In 1978 Mike moved on. But Sy forged ahead, bringing the magazine out more regularly, adding more pages, and striving to make every issue “a reminder that even as we celebrate life we must do everything possible to reduce suffering.” The subscriber list grew slowly. In 1979 a group of business students from the local university asked if they could look at The Sun’s finances for a class project. In their assessment, the “continued operation of the publication relies entirely on the efforts of Safransky, who faces a monstrous undertaking.” Those students predicted the magazine would not last another year. But in the coming decade The Sun would stay afloat. When Sy ran out of money, he would appeal to his readers, who responded with donations not just of cash but of cookies, clothes, and household items for auction. Benefit events, grants from the North Carolina Arts Council, and the efforts of volunteers also sustained the magazine. And Sy sometimes took up part-time jobs, such as digging ditches, to help pay the bills.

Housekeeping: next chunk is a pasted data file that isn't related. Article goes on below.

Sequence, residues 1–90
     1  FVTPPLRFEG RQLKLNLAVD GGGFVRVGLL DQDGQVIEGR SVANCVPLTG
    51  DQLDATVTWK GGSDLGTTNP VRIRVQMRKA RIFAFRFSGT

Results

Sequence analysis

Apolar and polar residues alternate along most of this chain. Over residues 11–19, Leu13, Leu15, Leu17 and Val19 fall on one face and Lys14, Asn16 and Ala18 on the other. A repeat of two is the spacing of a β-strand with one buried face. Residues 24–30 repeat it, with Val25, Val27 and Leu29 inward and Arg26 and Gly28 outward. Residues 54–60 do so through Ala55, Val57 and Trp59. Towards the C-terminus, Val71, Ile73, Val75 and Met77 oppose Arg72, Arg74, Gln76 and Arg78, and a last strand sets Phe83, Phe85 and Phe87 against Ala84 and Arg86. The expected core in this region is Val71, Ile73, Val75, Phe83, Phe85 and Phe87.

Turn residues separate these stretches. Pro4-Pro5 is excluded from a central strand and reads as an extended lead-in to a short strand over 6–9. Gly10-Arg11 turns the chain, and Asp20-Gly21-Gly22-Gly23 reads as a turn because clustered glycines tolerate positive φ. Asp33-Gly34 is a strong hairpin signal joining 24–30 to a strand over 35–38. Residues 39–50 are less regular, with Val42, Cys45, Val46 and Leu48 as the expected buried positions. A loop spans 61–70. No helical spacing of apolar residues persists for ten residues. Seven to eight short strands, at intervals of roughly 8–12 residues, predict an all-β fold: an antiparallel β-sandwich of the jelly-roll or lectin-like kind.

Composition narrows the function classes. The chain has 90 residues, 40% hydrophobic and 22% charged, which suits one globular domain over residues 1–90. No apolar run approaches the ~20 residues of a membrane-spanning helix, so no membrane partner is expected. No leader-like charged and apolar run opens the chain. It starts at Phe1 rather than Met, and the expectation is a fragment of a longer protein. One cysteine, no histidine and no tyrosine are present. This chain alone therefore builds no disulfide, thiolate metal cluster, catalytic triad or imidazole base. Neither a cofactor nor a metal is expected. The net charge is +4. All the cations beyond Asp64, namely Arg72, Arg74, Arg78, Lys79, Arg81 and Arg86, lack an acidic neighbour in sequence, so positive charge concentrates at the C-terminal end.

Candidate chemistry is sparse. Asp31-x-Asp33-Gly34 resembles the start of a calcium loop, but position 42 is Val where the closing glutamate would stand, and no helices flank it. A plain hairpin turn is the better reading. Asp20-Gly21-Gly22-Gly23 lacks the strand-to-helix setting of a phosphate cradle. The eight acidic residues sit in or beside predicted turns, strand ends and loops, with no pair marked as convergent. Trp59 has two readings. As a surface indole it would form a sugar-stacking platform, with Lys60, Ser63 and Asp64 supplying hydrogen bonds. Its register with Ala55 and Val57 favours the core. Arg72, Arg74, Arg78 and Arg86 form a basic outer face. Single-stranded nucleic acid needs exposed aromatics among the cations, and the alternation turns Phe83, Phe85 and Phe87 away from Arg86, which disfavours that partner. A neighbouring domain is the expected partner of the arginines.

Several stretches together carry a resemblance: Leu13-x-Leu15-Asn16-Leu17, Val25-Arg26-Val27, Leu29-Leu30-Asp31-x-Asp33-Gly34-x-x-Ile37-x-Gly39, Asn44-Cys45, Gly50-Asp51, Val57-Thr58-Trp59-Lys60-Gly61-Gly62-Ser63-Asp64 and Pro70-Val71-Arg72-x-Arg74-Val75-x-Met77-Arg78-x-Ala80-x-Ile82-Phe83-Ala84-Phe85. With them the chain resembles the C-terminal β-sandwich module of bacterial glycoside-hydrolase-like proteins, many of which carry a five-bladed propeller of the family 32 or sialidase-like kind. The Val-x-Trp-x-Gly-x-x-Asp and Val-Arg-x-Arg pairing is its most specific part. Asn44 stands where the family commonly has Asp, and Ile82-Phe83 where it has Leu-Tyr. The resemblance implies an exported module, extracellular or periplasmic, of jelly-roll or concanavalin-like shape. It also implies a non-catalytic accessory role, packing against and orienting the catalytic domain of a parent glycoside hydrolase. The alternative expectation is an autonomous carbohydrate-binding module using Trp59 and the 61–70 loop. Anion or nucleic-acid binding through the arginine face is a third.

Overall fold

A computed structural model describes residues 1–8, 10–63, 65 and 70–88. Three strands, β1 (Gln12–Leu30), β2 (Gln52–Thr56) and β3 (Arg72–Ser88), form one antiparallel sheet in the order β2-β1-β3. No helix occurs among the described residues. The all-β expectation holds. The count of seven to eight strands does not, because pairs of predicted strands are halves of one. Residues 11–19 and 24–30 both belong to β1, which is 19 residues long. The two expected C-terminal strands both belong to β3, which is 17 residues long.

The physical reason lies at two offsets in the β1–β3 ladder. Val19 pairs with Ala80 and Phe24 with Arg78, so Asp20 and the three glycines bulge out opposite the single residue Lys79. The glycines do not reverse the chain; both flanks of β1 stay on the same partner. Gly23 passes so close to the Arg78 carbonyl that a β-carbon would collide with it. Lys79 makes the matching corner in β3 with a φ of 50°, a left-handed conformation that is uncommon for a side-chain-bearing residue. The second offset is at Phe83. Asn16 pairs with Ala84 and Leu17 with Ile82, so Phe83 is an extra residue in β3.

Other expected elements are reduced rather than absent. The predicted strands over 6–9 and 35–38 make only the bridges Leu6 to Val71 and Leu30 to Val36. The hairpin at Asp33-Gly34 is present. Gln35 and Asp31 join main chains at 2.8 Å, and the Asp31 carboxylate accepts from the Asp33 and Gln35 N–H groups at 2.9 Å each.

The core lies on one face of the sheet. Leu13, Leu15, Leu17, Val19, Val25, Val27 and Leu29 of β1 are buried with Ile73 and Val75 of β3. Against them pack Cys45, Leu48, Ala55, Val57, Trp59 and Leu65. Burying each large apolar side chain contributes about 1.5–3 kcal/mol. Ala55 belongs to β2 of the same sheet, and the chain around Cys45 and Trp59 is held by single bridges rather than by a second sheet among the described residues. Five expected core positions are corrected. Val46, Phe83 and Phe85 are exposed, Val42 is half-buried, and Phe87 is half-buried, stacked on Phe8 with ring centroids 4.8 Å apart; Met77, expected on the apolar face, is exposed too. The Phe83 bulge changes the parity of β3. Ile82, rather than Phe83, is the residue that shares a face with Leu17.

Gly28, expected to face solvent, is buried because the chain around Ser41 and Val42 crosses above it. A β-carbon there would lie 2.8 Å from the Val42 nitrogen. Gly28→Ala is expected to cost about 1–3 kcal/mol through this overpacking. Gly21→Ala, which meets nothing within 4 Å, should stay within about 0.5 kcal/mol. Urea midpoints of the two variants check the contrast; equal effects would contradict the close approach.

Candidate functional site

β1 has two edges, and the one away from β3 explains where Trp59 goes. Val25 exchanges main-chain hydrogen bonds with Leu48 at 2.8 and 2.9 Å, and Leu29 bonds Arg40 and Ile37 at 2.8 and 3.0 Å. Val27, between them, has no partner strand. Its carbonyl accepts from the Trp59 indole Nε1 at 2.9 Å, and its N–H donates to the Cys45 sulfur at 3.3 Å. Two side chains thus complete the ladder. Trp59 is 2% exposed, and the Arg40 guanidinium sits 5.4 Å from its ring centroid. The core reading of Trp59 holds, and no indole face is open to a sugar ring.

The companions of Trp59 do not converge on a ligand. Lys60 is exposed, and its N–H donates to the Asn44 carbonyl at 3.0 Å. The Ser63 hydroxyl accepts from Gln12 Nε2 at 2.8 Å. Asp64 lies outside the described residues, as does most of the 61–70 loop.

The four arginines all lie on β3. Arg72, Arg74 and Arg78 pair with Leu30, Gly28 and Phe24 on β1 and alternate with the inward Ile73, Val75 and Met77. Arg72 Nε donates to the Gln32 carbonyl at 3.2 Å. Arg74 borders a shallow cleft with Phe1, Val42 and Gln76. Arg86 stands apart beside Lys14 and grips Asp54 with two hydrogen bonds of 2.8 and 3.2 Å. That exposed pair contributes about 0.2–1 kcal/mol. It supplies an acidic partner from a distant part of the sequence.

One of the Arts Council grants proved to be a turning point, as it allowed the magazine to reach new readers with direct-mail brochures. The Sun could no longer rely on index cards to keep track of its growing readership. By the end of the 1980s the magazine had ten thousand subscribers. Then, in the June 1990 issue, Sy announced a surprising business decision, one that had taken him sixteen years to make: The Sun would no longer carry advertising. He explained that he wasn’t condemning advertising but sought “to shine a clearer light, to publish a magazine that was wholly reader-supported.” He wanted “every page to express a kind of attention, a kind of clarity, that with or without advertising is hard to achieve.” If those business students had known of this development, their prediction would surely have been even more dire.